MySQL Indexes – Multi-column indexes and order of columns

The problem:

Many a times people find that they create index but the query is still slow or the index is not being used by MySQL to fetch the result-set.

Mostly the reason is that the index is not created properly, either not the right columns being indexed or the order of columns in the index does not match how its being used in the query.

The order of index! What’s that. Well that’s what we will be discussing today.

How does the order of column in the index matter?

The order of columns in the index matters a lot, an index won’t be used my MySQL if the order of columns in index don’t match with the order in which they are used in the query.

Consider the following example:

Suppose there is an orders table consisting of order_id and product_id columns and you want to select the product_id for specific order_id(s).

The query is as follows:

select product_id 
from orders 
where order_id in (123, 312, 223, 132, 224);

Now have a quick look at what the query is asking mysql to do, its asking MySQL to search by order_id(s) and return the corresponding product_id(s) so the order of columns in the index should be order_id, product_id

create index orderid_productid on orders(order_id, product_id)

Reasoning.

The reason for doing so is that MySQL will only use a multi-column index if at least a value is specified for the first column in the index. If the index in the above example would have been product_id, order_id then estentially the query would have been asking MySQL to search for * 123, * 312, * 223, * 132, * 224 and so on. And suppose there are a million records in the orders table then would could be worst then MySQL looking through each record one by one and we would be lucky if it would come accross a matching record.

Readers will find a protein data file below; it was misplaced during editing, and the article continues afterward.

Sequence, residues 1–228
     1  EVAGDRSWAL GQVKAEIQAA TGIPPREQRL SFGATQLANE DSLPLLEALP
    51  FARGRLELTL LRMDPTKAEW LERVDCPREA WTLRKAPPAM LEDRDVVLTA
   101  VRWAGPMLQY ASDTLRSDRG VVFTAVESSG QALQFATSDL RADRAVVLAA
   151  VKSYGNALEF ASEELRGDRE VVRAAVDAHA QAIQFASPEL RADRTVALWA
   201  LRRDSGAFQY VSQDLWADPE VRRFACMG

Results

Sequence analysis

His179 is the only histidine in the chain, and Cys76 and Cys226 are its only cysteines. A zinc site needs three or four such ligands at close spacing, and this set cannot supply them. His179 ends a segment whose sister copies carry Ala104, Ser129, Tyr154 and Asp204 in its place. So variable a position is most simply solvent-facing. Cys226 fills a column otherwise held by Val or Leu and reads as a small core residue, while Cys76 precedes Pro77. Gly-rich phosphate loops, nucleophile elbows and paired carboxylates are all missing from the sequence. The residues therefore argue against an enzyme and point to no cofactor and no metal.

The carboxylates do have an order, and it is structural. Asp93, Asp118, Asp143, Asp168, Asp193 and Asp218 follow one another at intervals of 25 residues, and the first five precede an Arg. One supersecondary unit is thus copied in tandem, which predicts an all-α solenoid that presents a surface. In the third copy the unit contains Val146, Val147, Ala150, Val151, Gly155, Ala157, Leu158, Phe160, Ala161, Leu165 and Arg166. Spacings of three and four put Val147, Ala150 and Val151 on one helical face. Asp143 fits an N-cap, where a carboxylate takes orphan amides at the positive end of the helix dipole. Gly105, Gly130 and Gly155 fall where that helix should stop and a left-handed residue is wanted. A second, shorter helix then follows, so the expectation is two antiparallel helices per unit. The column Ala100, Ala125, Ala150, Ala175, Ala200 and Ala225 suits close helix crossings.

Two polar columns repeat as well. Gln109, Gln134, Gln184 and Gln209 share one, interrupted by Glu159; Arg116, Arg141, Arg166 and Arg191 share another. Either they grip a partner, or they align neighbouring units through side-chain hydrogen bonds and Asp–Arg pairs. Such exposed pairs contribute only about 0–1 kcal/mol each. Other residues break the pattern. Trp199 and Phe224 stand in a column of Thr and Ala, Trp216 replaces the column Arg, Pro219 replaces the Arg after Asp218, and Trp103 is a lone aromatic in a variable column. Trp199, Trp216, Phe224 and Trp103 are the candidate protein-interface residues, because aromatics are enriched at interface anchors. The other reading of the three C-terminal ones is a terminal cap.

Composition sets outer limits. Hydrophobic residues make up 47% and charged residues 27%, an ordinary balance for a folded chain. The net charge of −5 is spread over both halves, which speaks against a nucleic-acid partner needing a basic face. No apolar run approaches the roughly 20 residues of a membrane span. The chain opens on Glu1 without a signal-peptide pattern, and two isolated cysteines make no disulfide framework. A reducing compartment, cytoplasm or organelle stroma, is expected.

Well we could have rewritten the above query to only have order_id as the index, sure that would do the job. But then still MySQL would have to fetch the value of product_id from the disk. While in the case of our composite index (order_id, product_id) MySQL would fetch all the results from the index.

Another important point!

One more thing to remember here is that the multi-column index would also work if the columns used in the query form a prefix of the index.

For example suppose we have an index composite(col_a, col_b, col_c) this index would be used by MySQL for all queries that involve any of the following comparisons:

  • col_a = ‘some value’
  • col_a = ‘some value’ and col_b = ‘some value’
  • col_a = ‘some value’ and col_b = ‘some value’ and col_c = ‘some value’

see the order being followed.

The same index would not have been used by MySQL for any of the following comparisons:

  • col_b = ‘some value’
  • col_b = ‘some value’ and col_c = ‘some value’

because the columns used in these comparisons don’t form a prefix of the index.

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  • Will “col_c = ‘some value’ and col_b = ‘some value’ and col_a = ‘some value’ ” use the index(col_a, col_b,col_c)?

  • Will “col_c = ‘some value’ and col_b = ‘some value’ and col_a = ‘some value’ ” use the index(col_a, col_b,col_c)?

  • The answer to your question is yes, because

    “col_c = ‘some value’ and col_b = ‘some value’ and col_a = ‘some value’ ” will be re-arranged by the mysql optimizer to become “col_a = ‘some value’ and col_b = ‘some value’ and col_c = ‘some value’ ”.

    Since both mean the same thing ( A and B and C = C and B and A)

  • The answer to your question is yes, because